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Flooding and storm events
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1. Check if you need a consent to build a porch or veranda

Have your plan ready

Under the NZ Building Regulations there is a lot of building work you can do yourself. The website for the Ministry of Business, Innovation and Employment (MBIE) is also helpful.

Before checking whether you need a consent for your porch or veranda, you need to know:

  • dimensions of the project (height, total area)
  • location on property where the project will go
  • size of the property in square metres
  • total pre-existing building coverage on property
  • total pre-existing hard surfaces on property.

Depending on the size and design of your structure,  the work (design and/or construction) may be required to be carried out by a Chartered Professional Engineer and/or Licensed Building Practitioner (LBP).

Our tip

If your porch or veranda is close to a boundary, and you have the written approval from your neighbours, you can apply for a Deemed Permitted Boundary Activity.
This application replaces the need to apply for a resource consent.
You will still need to apply for a building consent, if required.

​How to check if you need a consent to add a porch or veranda

From 31 August 2020, several new building consent exemptions are in place regarding porches and verandas.

The latest guidance on these exemptions can found on the MBIE website.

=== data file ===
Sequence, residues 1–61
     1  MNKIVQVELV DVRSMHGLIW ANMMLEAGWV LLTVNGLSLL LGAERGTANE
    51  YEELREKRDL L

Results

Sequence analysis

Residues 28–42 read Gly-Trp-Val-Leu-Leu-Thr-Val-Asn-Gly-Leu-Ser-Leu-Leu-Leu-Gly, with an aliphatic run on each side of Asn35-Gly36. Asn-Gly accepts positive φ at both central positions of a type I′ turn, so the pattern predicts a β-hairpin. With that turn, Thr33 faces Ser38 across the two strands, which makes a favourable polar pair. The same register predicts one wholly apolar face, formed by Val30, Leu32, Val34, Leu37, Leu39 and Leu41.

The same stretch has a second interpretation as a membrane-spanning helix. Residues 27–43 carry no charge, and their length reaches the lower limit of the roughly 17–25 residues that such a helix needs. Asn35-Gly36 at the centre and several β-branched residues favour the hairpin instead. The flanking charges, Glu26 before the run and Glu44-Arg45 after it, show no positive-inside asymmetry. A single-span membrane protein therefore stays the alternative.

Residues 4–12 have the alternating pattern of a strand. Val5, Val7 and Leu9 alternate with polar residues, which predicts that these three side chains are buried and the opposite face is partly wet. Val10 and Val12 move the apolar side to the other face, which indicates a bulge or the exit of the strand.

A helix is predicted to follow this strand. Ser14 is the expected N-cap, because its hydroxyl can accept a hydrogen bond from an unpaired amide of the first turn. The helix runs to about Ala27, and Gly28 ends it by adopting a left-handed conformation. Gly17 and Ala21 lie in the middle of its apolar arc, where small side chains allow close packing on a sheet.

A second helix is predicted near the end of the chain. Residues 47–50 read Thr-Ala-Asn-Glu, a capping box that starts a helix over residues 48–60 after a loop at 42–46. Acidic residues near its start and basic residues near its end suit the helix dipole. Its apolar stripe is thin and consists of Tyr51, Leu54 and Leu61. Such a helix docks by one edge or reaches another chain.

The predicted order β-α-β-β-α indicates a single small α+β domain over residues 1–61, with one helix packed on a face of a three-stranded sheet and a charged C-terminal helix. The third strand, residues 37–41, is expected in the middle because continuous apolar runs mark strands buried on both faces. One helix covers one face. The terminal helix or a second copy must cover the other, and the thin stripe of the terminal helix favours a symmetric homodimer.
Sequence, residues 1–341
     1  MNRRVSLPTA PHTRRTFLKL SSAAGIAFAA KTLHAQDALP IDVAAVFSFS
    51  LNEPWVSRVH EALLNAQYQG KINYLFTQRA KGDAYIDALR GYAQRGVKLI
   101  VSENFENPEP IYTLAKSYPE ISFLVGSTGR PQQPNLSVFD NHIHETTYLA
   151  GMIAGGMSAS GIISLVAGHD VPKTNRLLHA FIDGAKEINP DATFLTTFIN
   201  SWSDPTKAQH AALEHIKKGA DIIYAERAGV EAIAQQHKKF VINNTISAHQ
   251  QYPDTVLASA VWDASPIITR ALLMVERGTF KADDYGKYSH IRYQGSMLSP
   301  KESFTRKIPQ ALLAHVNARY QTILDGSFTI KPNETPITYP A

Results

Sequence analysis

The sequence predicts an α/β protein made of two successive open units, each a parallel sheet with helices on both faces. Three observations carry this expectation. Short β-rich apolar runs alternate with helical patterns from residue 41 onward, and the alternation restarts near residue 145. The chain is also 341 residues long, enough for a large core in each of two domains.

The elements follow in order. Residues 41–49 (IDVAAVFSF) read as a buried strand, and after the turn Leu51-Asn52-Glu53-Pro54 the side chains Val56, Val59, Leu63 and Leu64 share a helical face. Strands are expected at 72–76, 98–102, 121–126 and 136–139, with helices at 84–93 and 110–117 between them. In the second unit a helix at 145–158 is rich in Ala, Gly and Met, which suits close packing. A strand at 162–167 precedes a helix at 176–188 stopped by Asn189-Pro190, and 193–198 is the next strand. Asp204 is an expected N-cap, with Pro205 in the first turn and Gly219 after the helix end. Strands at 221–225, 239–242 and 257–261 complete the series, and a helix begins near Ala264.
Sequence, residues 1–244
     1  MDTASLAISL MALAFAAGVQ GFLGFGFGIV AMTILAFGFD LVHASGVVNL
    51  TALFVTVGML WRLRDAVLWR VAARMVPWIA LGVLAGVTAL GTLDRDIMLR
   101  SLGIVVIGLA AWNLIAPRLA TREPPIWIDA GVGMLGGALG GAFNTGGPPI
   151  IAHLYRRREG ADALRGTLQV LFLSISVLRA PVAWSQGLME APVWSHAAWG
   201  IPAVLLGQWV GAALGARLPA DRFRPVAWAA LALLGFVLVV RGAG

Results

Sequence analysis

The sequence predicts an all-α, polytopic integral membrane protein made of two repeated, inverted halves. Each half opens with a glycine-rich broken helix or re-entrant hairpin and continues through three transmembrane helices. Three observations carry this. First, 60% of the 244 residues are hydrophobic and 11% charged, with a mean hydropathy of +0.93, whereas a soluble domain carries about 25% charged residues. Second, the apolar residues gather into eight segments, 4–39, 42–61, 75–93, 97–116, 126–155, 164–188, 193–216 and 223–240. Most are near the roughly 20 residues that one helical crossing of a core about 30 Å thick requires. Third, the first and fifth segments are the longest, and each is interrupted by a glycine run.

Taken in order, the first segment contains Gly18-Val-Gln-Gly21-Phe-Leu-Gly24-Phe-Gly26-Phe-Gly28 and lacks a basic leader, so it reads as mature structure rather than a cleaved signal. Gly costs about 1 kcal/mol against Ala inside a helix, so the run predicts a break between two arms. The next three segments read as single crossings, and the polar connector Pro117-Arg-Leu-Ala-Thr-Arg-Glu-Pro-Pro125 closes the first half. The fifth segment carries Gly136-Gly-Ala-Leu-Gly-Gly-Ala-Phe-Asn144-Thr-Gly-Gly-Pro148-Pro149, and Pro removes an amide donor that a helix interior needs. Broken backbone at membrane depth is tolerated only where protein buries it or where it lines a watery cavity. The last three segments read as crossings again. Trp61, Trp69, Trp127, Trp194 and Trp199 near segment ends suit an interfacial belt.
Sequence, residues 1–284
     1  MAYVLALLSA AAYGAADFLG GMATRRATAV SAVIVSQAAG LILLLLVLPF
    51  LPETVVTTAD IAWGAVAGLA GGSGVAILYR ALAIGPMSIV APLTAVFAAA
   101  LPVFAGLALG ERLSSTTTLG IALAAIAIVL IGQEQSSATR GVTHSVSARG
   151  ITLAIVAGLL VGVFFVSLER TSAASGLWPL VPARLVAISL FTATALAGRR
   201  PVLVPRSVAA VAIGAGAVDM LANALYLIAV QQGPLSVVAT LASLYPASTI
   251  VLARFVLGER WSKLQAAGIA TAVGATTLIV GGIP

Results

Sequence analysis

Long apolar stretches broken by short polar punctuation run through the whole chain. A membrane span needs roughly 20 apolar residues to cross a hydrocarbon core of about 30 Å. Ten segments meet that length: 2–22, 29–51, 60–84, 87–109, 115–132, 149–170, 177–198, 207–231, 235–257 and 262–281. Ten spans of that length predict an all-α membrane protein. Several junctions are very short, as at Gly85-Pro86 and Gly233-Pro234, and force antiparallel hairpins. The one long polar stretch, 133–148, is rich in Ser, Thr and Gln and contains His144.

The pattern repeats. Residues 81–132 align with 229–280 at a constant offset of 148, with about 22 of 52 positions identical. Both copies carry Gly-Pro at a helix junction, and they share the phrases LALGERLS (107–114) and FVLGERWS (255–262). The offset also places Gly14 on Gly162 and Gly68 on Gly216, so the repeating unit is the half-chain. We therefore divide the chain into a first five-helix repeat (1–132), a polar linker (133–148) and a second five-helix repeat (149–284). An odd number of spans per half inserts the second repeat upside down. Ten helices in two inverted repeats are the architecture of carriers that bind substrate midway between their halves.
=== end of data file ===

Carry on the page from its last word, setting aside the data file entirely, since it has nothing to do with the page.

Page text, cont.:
​Our online tool helps you check if you need a building or resource consent for your porch or veranda.

This tool only applies to a porch or veranda located on the ground floor.

Have your plans ready before you start.

It should take you about 10 minutes to complete.

Check now

 By phone

​Contact us on 09 301 0101.

 In person

​Visit your nearest service centre.

You should know

Consider the Building Code requirements on disposing of stormwater from your building's roof. You may need to seek professional guidance and get council approval. All new drains must be laid by an authorised drainlayer.
Make sure your proposed building does not breech planning regulations, including those regarding site coverage and permitted activity. A resource consent may be required before you can start any building work.
If building close to a boundary, consider Building Code requirements regarding fire protection, particularly in relation to fire spreading to neighbouring properties.
Your building work must:
  • comply with the Building Code, even if no building consent is needed
  • not damage public service drains if its foundations are close to the pipes.